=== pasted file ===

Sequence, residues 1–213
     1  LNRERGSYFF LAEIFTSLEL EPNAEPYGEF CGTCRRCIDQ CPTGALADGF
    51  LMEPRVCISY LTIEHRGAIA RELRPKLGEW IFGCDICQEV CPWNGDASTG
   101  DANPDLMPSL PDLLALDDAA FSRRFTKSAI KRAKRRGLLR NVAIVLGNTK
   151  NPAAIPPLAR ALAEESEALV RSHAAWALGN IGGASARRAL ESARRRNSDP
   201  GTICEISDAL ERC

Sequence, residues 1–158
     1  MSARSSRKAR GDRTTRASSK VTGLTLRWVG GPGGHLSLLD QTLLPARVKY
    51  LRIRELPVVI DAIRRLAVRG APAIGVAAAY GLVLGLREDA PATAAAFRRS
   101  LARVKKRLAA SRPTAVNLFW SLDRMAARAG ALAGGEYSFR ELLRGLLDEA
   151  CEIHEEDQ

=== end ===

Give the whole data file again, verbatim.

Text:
Sequence, residues 1–213
     1  LNRERGSYFF LAEIFTSLEL EPNAEPYGEF CGTCRRCIDQ CPTGALADGF
    51  LMEPRVCISY LTIEHRGAIA RELRPKLGEW IFGCDICQEV CPWNGDASTG
   101  DANPDLMPSL PDLLALDDAA FSRRFTKSAI KRAKRRGLLR NVAIVLGNTK
   151  NPAAIPPLAR ALAEESEALV RSHAAWALGN IGGASARRAL ESARRRNSDP
   201  GTICEISDAL ERC

Sequence, residues 1–158
     1  MSARSSRKAR GDRTTRASSK VTGLTLRWVG GPGGHLSLLD QTLLPARVKY
    51  LRIRELPVVI DAIRRLAVRG APAIGVAAAY GLVLGLREDA PATAAAFRRS
   101  LARVKKRLAA SRPTAVNLFW SLDRMAARAG ALAGGEYSFR ELLRGLLDEA
   151  CEIHEEDQ